With the non-confirmation of H3, we realize that even if the financial resources are not destined for the SOC, but for other areas of management of these NPOs, such as wealth management, supply, human resources, technology, communication or marketing, still do not depend on the action of the GOV. Once again, also the non-confirmation of this hypothesis leads us to an action of conformity and lack of proactivity of the GOV, which, by not implementing initiatives, projects or strategies that serve to attract financial resources, must be dependent on the sources of revenue that they take for granted and guaranteed, coming from the public sector. This financial dependency, which had been made clear previously, regarding the way in which the SOCs are not influenced by the GOV action, is now even more clear, since also the other management areas of these NPOs, do not benefit from the demand action bigger, better or different sources of financing from the GOV.

The results obtained allow future studies that focus on the sustainability of NPOs in the medium and long term, without thereby deviating from their missions or from offering social responses. Thus, these results may serve to launch future studies that may focus on the analysis of the relationship between the GOV and the FIN of these institutions, namely, on the efforts that can be implemented at the level of initiatives such as: applications for programs or projects, tax breaks, crowdfunding, recruiting supporters of causes, establishing partnerships, implementing commercial activities, implementation of strategies for relational marketing, organization of events, fundraising non-financial resources for specific purposes, profitability of assets or endowment initiatives.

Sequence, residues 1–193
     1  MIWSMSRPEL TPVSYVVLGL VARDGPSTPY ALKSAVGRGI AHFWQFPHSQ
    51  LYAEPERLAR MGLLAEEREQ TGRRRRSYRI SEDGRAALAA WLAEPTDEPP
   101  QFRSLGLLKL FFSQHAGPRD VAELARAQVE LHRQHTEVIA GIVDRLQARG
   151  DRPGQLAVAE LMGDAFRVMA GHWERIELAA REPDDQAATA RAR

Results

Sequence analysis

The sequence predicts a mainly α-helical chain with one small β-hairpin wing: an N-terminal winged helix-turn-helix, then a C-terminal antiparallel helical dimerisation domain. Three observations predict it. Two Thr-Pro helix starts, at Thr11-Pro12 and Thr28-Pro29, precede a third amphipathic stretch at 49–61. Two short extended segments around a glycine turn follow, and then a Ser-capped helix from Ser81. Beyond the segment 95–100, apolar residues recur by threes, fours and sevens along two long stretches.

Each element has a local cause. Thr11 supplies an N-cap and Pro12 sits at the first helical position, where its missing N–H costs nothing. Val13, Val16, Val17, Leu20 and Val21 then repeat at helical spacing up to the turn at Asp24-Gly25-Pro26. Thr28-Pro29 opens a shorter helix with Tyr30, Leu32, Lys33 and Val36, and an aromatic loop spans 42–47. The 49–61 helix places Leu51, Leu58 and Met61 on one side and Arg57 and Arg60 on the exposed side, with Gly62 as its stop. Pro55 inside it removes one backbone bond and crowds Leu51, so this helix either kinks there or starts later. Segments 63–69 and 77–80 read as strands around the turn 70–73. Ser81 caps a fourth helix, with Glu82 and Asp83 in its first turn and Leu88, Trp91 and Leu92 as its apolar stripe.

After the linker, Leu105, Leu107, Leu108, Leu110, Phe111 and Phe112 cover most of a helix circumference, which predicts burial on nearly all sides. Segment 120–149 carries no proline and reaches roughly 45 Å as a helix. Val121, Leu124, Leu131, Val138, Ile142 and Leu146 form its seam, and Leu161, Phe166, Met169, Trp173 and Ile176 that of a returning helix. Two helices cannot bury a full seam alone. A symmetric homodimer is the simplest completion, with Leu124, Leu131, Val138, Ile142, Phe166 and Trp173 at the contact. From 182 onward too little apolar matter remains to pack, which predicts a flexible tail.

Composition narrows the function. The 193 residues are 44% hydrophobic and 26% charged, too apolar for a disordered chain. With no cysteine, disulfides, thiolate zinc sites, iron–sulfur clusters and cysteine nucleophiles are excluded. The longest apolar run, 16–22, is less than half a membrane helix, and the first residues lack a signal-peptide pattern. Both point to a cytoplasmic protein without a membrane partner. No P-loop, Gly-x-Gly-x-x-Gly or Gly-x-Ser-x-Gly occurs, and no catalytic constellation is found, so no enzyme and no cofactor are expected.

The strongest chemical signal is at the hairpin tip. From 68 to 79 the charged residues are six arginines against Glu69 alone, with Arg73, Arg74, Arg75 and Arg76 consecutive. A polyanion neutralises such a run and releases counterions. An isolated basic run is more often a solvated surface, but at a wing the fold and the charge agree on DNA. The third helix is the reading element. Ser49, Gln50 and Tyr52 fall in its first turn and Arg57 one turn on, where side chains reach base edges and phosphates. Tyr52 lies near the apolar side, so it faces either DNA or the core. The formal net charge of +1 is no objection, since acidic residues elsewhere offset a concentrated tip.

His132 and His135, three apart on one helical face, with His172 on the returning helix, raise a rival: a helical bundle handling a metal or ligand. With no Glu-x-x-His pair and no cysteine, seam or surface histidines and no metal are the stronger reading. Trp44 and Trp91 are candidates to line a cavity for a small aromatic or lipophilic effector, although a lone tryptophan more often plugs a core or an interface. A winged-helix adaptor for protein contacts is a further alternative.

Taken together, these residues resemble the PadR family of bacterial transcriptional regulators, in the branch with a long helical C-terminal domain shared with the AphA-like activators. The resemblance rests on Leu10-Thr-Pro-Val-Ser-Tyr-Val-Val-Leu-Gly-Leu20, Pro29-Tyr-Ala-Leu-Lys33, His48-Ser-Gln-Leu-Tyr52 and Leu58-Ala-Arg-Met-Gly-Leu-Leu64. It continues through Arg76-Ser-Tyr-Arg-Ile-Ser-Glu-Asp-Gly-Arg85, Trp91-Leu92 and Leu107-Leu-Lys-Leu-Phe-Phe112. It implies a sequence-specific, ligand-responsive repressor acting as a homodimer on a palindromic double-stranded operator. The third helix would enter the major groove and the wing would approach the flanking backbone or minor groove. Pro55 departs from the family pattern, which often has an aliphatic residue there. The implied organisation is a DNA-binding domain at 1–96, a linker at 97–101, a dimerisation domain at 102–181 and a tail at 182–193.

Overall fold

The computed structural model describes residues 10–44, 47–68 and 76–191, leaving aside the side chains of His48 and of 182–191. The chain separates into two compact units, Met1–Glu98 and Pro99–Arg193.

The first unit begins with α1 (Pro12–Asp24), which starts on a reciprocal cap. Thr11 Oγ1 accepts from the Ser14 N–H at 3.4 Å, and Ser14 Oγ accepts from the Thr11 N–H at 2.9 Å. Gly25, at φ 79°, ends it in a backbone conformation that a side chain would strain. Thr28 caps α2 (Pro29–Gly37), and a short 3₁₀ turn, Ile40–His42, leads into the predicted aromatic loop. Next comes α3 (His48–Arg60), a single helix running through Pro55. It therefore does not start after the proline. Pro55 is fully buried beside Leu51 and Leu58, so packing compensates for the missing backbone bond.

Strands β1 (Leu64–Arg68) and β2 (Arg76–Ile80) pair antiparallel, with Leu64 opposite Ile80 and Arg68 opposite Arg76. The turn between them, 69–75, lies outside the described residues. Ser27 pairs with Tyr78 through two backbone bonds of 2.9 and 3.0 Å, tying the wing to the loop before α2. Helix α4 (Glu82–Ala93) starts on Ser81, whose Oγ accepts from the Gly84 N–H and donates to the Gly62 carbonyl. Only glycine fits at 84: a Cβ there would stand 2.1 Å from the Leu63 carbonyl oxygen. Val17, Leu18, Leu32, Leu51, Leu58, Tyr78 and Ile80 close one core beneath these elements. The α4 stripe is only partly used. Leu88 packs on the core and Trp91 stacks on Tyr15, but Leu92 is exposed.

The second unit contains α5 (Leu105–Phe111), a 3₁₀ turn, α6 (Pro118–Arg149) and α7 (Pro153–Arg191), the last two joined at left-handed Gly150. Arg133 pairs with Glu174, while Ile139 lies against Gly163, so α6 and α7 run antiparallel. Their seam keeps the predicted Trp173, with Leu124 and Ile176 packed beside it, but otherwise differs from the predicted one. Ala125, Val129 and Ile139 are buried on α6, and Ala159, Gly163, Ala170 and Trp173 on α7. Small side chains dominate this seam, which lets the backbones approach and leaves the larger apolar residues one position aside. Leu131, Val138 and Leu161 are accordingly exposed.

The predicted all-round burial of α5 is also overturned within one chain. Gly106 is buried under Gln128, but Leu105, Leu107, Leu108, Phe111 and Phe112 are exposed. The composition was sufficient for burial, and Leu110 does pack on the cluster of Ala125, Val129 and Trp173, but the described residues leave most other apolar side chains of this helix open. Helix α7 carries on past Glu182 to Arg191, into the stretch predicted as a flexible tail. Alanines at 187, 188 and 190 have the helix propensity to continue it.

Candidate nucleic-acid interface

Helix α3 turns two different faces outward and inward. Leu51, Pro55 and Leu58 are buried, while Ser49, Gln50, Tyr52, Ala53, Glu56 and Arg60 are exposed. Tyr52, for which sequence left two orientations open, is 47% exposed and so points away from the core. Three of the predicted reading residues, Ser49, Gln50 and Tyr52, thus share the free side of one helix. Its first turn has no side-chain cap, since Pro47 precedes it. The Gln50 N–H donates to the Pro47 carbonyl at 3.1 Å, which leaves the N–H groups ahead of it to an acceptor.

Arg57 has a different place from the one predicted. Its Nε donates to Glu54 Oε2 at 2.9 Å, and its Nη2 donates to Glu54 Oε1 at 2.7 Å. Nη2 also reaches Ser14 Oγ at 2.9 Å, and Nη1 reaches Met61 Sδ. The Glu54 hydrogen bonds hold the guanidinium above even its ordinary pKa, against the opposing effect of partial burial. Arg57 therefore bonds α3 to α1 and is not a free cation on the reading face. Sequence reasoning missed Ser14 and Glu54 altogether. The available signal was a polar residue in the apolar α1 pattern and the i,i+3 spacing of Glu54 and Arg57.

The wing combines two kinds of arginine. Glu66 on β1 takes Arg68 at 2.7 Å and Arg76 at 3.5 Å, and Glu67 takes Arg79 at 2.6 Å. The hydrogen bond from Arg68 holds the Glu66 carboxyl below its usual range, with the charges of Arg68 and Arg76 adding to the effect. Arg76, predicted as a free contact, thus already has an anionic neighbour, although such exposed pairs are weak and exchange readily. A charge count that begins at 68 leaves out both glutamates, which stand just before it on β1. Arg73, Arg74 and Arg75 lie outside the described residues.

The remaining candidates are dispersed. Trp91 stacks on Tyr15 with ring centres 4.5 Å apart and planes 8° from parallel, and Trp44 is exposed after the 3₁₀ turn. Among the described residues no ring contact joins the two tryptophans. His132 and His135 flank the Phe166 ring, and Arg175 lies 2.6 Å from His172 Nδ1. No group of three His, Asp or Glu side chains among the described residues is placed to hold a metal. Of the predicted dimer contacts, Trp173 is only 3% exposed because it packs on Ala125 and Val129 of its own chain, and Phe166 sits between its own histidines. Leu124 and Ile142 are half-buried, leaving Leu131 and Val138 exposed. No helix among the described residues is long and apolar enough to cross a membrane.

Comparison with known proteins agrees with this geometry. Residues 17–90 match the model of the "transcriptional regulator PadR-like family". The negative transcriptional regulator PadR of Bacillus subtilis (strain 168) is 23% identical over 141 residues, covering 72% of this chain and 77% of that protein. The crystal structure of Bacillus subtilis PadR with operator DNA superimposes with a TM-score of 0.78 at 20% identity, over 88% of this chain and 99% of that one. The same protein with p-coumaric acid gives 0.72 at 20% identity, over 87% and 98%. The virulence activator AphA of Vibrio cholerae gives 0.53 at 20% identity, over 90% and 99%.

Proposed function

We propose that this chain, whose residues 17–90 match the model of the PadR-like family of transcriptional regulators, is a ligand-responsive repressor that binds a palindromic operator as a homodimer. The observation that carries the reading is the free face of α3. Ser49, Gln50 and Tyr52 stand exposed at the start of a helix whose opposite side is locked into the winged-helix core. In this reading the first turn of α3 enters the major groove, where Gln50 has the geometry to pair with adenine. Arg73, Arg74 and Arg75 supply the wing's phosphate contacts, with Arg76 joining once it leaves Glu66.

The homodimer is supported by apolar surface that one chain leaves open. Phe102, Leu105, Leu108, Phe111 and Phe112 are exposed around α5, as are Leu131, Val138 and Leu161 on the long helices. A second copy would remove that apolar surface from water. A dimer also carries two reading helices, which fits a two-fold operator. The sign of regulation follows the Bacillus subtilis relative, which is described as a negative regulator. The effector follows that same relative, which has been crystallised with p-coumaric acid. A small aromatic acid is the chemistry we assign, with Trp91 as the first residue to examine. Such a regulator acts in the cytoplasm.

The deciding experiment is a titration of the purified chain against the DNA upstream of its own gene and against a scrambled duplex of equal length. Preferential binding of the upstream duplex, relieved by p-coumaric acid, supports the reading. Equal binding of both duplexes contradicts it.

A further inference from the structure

A greater theoretical reflection, through the deepening of studies on the impact of this diversification of strategies at the FIN level, will make it possible to understand whether the level of GOV of these NPOs is the possibility of better performing their role well.

This case study focuses on one type of NPOs, the Portuguese Mercies. As such, the traditional limitations of this typology apply, such as the non-possibility of generalizing the results to other types of organizations or sectors of activity.

The determination of the influences of the variables under study in these organisations' social services does not invalidate that there are no other dimensions of management that may also be relevant. As suggestions for future work, it is suggested to investigate the possible influence of strategy, human resources, technologies and systems and information, communication and marketing, supply management, heritage management, knowledge management, or other management areas of these or other non-profit sector institutions, considered for this type of studies.

It is also recommended to carry out studies that analyze the impact of the implementation of concrete measures that go against the promotion of good financial and governance practices, with a view to increasing the performance of social services of these NPOs.

It is also recommended to carry out longitudinal studies, which allow us to understand the evolution of the relationship between the variables analyzed in the present study, namely after leaving the economic and social context caused by the pandemic Covid19.

Finally, it is suggested to extend this type of study to other NPOs such as cooperatives, mutual societies, charities and local development.


The authors gratefully acknowledge the Polytechnic of Leiria (School of Education and Social Sciences), NECE—Research Center in Business Sciences, University of Beira Interior, CICS.NOVA.IPLeiria—Interdisciplinary Centre of Social Sciences, University of Trás-os-Montes and Alto Douro and CETRAD (Centre for Transdisciplinary Development).